Beverly Hills Chihuahua
Directed by Raja Gosnell. Voices by Drew Barrymore, Andy Garcia, George Lopez, Cheech Marin, Paul Rodriguez, Plácido Domingo, Edward James Olmos, Loretta Devine. Starring Piper Perabo, Jamie Lee Curtis, Michael Urie. (2008, PG, 85 min.)
REVIEWED By Margaret Moser, Fri., Oct. 10, 2008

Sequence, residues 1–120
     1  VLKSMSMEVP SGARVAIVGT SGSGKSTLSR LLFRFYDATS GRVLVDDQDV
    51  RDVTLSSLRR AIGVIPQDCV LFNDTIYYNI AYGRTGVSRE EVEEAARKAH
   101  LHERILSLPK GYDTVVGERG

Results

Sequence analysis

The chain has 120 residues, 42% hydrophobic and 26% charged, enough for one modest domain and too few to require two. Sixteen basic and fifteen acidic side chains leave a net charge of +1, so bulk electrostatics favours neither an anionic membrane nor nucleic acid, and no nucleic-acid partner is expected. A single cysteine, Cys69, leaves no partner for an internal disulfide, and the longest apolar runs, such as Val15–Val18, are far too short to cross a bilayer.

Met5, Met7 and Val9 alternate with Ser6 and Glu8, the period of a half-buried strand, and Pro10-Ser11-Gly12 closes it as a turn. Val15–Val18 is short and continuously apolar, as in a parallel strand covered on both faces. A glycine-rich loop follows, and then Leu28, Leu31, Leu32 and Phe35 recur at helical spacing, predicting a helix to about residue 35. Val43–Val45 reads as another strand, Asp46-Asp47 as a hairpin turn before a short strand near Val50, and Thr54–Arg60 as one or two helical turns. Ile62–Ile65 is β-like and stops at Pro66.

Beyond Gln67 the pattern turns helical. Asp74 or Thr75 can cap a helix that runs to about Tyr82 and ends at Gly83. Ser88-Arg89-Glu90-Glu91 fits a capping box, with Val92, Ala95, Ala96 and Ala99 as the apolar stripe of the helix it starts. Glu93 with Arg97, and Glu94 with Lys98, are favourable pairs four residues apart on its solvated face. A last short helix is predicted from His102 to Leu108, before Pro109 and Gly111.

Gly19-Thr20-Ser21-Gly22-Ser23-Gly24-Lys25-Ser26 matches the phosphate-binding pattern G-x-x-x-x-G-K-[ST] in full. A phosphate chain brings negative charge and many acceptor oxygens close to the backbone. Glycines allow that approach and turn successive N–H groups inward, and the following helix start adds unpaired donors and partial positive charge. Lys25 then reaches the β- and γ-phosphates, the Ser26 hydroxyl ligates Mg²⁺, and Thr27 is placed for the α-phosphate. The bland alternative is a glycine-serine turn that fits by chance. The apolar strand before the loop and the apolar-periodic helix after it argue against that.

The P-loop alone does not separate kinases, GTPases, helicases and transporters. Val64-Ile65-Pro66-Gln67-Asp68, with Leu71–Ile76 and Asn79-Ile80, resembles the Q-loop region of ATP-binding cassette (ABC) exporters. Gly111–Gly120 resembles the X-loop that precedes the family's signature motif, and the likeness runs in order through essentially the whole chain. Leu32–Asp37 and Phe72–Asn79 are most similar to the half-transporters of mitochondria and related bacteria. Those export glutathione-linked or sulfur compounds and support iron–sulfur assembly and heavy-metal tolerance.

If you are an adult going to see this film solo or with a peer, you deserve every tired cliché trotted out in Disney’s Beverly Hills Chihuahua. But if you or your moviegoing companion are anywhere within whistling distance of adolescence, you’ll howl at this lowbrow, family-friendly trifle. The plot … well, the plot plays as preposterously as the title suggests when Aunt Viv (Curtis), an L.A. make-up maven, entrusts her spoiled, designer-clad Chihuahua, Chloe (voiced by Barrymore), to her niece Rachel (Perabo). The niece prefers dashing across the Mexican border for the weekend with her girlfriends to overseeing the dog’s ritzy round of beauty treatments and spa appointments. Naturally, the prissy pooch gets lost, and naturally, a string of characters emerges to assist in Chloe’s return, including Aunt Viv’s studly landscaper, Sam (Manolo Cardona), and his Chihuahua, Papi (voiced by Lopez). Papi is in love with Chloe, you see, while Sam and Rachel butt heads with predictable results. Assisting in Papi’s ardent chase are a German shepherd (voiced by Garcia) retired from the police force and the slapstick buddy team of Manuel the rat (voiced by Marin) and Chico the iguana (voiced by Rodriguez) for over-the-top comic relief. The CG effects are fairly irresistible as is the enormous canine cast, especially when Chloe encounters Montezuma “Call me Monte,” king of the Chihuahuas (in Mayan pyramids hundreds of miles from Tijuana) and gets in touch with her inner chiquita. When the miniature doggie horde starts chanting “no mas!” the grownups in the audience will feel much the same; fortunately, the end is near. Family movies appear to have taken a back seat recently to whatever film Judd Apatow is making, but director Gosnell has a golden touch with all-ages cinema (the Scooby-Doo franchise and Yours, Mine & Ours) that makes Beverly Hills Chihuahua a silly, if guilty, pleasure to watch. Oscar material? Nah, it won’t even be thrown a bone, but this time the dog wags the tale and proves, at least to Papi, that love really is a bitch.